Michael Waltrip heads home after frightening day in Atlanta

HAMPTON, Ga. (Nov. 21, 1999) - Philips Chevrolet driver Michael Waltrip headed home to Sherrills Ford, N.C. Sunday night after being released from Atlanta Medical Center at 8 p.m. He was tired and ready to get home, but he still managed a smile...

HAMPTON, Ga. (Nov. 21, 1999) - Philips Chevrolet driver Michael Waltrip headed home to Sherrills Ford, N.C. Sunday night after being released from Atlanta Medical Center at 8 p.m. He was tired and ready to get home, but he still managed a smile as he fulfilled on more autograph request in the hospital parking lot before putting an end to the 1999 season.

Waltrip, who spent the majority of his day at Atlanta Motor Speedway in the top 10, sustained a slight concussion during a frightening incident on lap 197 of the 325-lap season finale. The 14-year NASCAR Winston Cup veteran silenced race fans everywhere as they held their collective breath until it was announced that he was awake and alert, and headed to a downtown Atlanta hospital for observation.

During the first 45 laps of the race, Waltrip found himself in a rocket. He started eighth, but as the cars started to string out on the 1.5-mile quad-oval, it was clear that he was the fastest car on the track. When lap 25 arrived, Waltrip was running second by a full second to leader Mark Martin. But just seven laps later, he took his familiar No. 7 Philips machine past Martin and stretched out a considerable lead during the next 12 laps until the caution flag flew for the second time in the event.

During the caution, Waltrip made no adjustments and took on four new tires. But when he returned to action, his car was "extremely loose," and he dropped back to 14th position. Showing great patience, Waltrip rode out the run without incident and without losing any further ground.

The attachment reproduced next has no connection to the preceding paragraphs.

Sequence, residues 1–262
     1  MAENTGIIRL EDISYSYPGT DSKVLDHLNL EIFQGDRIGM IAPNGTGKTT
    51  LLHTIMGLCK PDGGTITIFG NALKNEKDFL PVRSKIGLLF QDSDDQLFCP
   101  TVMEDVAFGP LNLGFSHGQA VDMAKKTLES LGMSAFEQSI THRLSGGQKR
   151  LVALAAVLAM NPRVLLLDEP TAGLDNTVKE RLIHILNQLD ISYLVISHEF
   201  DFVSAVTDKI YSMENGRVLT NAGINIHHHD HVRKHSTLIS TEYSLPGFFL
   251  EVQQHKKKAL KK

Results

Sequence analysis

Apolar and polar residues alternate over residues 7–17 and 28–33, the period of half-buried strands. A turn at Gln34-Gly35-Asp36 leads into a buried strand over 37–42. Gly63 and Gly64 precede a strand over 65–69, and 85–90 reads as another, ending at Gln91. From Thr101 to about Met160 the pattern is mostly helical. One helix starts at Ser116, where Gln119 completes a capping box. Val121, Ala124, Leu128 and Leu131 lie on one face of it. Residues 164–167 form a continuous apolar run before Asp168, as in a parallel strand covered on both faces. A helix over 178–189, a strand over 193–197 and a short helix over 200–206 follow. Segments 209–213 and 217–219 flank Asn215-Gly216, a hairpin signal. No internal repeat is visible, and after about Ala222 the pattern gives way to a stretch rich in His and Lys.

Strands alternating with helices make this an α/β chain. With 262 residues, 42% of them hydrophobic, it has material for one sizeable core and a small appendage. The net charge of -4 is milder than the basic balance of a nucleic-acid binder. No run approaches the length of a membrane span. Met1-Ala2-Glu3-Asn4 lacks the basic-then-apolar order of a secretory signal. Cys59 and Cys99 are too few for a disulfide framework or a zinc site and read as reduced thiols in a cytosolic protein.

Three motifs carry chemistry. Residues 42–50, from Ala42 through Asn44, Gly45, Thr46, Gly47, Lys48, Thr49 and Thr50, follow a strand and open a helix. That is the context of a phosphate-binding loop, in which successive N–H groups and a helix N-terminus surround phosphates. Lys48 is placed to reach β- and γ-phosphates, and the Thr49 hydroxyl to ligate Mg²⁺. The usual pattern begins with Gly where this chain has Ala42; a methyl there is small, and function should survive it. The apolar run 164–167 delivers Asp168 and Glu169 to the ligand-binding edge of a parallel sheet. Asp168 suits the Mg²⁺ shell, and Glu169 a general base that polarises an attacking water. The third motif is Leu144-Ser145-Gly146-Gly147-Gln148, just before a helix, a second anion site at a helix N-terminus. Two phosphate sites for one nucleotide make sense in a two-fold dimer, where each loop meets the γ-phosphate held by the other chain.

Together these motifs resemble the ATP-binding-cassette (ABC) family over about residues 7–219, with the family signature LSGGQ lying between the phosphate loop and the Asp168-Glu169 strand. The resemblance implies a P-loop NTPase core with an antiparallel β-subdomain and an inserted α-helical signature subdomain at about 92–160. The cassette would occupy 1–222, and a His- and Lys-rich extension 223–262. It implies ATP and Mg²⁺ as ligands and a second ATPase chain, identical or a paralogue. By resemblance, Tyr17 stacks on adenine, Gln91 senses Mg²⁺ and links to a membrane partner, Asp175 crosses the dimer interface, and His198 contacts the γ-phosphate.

Waltrip's next four-tire change returned him to early race form as he pulled back into the top 10. When the caution flag flew just after lap 190, Waltrip was running ninth when he came to pit road for service. His Mattei Motorsports teammates orchestrated a 14.88-second four-tire stop that vaulted him to seventh on the restart. But when the green flag flew, things started to go very wrong.

During the first green flag lap, Waltrip reported to the car to be "very loose," and then the next time by called in "uncontrollably loose." As he passed by pit road on the front straightaway, crew chief Bobby Kennedy spotted the culprit, which was a cut left rear tire that was losing air. Kennedy called his driver to pit road and the crew prepared for a left-side tire change. But as Waltrip turned toward the pit road entrance, the concern shifted from the car to the driver.

Waltrip's car spun out of control as he came off the turn four banking and then slid back up the racetrack in front of the field. He made hard contact with the outside retaining wall, and then slid helplessly down in front of the car driven by Terry Labonte, who found himself with no where to go. The two cars made heavy contact, with Waltrip's car coming to rest near the bottom of the track. Waltrip had to be cut from his car before being transported initially to the infield care center. Labonte was uninjured and walked out of the care center after learning that Waltrip was awake and alert.

Waltrip finished the race in the 36th position and remained 29th in the final NASCAR Winston Cup point standings. For the season, the Owensboro, Kentucky-native posted one top five and three top 10 finishes, all during the first half of the season. It is only the second time in Waltrip's career that he has finished outside the top 20 in the final standings.

Waltrip and his teammates will now shift their entire focus to preparing a stable of NationsRent Monte Carlos for the 2000 season, which begins Feb. 20, 2000 with the running of the Daytona 500.

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Series NASCAR Cup
Drivers Terry Labonte , Michael Waltrip , Bobby Kennedy